“Really OK” is the song that most closely evokes the spirit of Jim Hall and Sonny Rollins in an almost hard bop style. The opening chords, supporting bass and drums and melodic line are gorgeous and flowing, then things get moving. It is definitely the most mainstream feeling song, and until Halvorson pulls out some of her trademark sounds and lines it isn’t immediately clear this belongs. But it ‘evolves’ in an exciting way and is such a fun song that I can never get enough … it was very nearly my ‘quick song’.

I have focused on Halvorson and Speed, which is really unfair to the amazing work that Opsvik and Fujiwara so in supporting and extending the harmonic structure and palette for the soloists. They provide much more than structure – they define many of my favorite moments on the album.

Mary Halvorson Reverse Blue Group

‘Quick Hit’ Song: “Reverse Blue” – change the instruments to electric slap bass and modern house drum kit, reshape a few chords and resolve a few lines and you’d have a jamming funk tune ready for a singer or rapper to drop lines over for a pop hit! Well, not really – but the deconstructed funk rhythm is incredibly infectious, and jumping right into the heat of the song is perfect for this composition. This is perhaps the best group effort on the album, and I fell in love with it the first time I heard the opening chords.

Would I recommend?: Absolutely! Even though there are a couple of songs that don’t sustain the high level of most of the recording, everything is worth checking out, and some of the songs are fantastic. Also, the interplay between Speed and Halvorson makes this a unique addition to Halvorson’s body of work and makes this a ‘must have’ for fans.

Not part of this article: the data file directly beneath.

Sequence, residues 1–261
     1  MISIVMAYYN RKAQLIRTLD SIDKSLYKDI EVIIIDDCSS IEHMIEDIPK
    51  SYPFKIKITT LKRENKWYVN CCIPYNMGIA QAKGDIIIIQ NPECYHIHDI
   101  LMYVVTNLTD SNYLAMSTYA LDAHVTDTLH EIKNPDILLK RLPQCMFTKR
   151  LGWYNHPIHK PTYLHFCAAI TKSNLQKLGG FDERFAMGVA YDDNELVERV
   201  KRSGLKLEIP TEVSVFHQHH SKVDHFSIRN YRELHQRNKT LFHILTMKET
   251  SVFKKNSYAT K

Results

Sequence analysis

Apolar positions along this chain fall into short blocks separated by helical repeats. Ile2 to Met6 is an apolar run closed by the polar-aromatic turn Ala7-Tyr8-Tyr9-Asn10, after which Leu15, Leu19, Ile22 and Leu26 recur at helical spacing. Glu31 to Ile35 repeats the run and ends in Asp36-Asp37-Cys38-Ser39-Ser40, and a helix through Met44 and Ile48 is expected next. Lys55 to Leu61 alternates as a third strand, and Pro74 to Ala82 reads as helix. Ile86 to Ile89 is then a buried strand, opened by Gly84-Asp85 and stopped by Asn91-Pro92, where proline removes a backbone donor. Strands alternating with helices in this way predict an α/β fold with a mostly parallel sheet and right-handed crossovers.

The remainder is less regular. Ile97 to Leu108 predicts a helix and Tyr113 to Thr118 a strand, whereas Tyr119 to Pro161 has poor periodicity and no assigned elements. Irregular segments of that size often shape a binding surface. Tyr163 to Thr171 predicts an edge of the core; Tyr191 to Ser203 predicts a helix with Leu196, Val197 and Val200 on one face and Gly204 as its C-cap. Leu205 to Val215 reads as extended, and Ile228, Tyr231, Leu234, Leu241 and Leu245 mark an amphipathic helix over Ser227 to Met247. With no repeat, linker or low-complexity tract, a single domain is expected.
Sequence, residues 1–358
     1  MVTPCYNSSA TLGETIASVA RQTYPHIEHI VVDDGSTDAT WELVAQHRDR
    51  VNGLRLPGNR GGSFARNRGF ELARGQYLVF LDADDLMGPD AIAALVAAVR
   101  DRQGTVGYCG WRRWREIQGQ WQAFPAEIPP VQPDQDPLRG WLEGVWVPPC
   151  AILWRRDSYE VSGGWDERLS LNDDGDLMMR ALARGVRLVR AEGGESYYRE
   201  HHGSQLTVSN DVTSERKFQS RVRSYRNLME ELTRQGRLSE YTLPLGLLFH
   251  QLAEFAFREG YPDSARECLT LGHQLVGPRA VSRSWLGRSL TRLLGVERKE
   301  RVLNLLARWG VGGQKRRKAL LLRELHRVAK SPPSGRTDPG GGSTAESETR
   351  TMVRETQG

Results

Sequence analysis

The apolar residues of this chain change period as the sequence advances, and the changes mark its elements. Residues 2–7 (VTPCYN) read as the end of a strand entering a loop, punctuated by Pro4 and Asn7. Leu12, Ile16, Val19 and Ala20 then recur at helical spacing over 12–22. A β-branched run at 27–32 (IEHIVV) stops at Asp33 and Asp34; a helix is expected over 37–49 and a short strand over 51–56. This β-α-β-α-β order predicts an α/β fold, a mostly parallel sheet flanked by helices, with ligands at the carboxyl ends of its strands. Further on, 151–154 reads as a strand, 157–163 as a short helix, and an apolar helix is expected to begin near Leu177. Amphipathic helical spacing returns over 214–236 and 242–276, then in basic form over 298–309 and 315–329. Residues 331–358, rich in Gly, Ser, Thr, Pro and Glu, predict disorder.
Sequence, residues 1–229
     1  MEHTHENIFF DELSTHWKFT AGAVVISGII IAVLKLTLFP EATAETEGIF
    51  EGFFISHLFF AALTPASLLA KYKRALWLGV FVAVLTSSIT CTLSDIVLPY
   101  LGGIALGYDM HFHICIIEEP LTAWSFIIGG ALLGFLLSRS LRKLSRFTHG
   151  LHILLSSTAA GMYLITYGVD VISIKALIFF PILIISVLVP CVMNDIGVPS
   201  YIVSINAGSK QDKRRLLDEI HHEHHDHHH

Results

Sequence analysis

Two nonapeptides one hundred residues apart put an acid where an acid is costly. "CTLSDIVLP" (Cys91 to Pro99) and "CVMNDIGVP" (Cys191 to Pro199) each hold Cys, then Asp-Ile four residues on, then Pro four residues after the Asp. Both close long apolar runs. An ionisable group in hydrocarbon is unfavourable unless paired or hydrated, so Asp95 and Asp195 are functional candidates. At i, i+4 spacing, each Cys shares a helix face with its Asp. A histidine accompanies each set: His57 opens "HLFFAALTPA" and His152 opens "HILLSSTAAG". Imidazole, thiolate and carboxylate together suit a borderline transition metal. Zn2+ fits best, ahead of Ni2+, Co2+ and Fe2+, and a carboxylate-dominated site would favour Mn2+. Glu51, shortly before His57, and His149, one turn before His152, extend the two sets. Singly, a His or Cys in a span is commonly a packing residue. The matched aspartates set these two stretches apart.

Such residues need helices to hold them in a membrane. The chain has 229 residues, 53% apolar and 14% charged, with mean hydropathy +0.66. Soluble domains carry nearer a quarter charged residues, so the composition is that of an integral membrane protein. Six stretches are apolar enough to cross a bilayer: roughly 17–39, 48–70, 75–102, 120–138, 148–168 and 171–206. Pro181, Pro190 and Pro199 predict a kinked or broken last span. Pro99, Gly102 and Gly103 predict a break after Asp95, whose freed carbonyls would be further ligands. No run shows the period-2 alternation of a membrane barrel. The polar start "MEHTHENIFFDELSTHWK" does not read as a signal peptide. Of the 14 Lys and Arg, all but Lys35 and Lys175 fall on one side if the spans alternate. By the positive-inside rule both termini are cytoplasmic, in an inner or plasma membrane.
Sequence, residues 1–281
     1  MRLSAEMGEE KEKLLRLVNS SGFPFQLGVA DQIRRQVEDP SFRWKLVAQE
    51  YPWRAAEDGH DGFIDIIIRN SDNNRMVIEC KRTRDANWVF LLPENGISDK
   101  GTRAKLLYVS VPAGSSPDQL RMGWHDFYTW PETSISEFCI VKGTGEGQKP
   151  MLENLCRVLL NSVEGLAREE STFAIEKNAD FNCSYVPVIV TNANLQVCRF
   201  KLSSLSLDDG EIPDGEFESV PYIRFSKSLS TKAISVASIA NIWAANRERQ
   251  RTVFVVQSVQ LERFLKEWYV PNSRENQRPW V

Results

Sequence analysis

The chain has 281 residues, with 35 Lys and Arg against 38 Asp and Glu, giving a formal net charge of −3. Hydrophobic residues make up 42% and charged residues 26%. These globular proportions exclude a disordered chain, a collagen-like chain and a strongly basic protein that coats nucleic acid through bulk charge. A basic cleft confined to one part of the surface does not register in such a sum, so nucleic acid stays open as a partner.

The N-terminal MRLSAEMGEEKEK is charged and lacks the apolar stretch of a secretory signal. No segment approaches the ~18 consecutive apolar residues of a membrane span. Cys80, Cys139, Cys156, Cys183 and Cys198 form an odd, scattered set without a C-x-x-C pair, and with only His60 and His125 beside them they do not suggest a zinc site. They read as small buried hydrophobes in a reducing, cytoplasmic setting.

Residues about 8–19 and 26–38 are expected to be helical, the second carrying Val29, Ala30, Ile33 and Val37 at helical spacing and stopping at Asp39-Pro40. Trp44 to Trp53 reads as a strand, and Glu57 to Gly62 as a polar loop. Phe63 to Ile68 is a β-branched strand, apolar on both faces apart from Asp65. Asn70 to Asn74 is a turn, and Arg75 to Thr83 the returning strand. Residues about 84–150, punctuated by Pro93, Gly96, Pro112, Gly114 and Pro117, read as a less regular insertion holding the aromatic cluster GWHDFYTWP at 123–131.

Suggested audience: Once again I mention that this IS a Mary Halvorson recording … and *requires* adventurous ears, even the most ‘mainstream’ song ‘Really OK’ proved a bit much for my family once it really got going (same for ‘Reverse Blue’, though my kids love the funky opening as well!).

Price: $15 on CD through Relative Pitch Records

Source: Publisher provided review download.

Here is the group playing ‘Hako’:

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About the Author

Michael Anderson
I have loved technology for as long as I can remember - and have been a computer gamer since the PDP-10! Mobile Technology has played a major role in my life - I have used an electronic companion since the HP95LX more than 20 years ago, and have been a 'Laptop First' person since my Compaq LTE Lite 3/20 and Powerbook 170 back in 1991! As an avid gamer and gadget-junkie I was constantly asked for my opinions on new technology, which led to writing small blurbs ... and eventually becoming a reviewer many years ago. My family is my biggest priority in life, and they alternate between loving and tolerating my gaming and gadget hobbies ... but ultimately benefits from the addition of technology to our lives!